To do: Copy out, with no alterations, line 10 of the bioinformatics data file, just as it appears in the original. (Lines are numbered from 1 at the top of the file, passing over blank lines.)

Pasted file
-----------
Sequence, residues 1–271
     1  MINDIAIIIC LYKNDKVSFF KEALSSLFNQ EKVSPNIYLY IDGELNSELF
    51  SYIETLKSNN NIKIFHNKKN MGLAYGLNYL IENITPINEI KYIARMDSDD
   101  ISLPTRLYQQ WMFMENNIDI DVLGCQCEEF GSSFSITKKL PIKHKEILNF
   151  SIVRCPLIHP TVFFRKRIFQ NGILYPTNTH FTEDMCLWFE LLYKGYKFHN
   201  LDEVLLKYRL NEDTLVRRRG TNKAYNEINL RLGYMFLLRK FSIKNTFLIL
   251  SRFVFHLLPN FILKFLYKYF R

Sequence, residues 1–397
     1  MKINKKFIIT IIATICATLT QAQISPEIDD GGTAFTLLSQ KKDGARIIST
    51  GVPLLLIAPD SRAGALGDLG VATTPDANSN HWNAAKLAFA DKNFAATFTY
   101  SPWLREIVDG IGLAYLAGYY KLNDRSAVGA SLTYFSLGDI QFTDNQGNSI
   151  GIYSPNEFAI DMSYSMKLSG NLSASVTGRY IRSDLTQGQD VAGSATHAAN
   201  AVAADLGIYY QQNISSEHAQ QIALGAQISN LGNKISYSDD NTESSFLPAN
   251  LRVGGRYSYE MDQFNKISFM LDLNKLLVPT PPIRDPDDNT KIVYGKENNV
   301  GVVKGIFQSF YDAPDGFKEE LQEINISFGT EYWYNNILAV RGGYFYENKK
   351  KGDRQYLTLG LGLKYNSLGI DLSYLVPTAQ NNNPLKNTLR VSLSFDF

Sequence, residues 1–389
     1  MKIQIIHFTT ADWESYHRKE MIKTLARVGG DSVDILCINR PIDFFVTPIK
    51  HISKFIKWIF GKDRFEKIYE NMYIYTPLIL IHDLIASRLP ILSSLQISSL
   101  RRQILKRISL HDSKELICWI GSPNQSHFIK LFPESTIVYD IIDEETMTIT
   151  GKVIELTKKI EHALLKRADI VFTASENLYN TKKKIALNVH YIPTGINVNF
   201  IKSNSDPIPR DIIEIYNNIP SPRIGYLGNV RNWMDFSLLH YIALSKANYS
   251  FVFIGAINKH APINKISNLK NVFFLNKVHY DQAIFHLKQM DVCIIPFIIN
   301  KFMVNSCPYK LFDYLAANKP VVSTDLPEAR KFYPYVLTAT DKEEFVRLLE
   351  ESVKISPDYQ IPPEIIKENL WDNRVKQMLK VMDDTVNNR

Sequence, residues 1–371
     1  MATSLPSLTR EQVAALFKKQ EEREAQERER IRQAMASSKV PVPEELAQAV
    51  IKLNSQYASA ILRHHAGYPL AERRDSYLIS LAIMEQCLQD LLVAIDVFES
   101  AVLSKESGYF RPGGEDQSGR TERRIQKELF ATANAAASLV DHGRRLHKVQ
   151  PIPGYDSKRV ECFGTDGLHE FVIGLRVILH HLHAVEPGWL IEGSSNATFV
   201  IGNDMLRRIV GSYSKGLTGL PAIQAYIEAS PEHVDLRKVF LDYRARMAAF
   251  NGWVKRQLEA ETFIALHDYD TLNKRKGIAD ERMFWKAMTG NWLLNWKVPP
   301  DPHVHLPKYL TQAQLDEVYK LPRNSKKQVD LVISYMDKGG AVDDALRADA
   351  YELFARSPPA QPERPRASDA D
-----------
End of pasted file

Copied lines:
    51  GVPLLLIAPD SRAGALGDLG VATTPDANSN HWNAAKLAFA DKNFAATFTY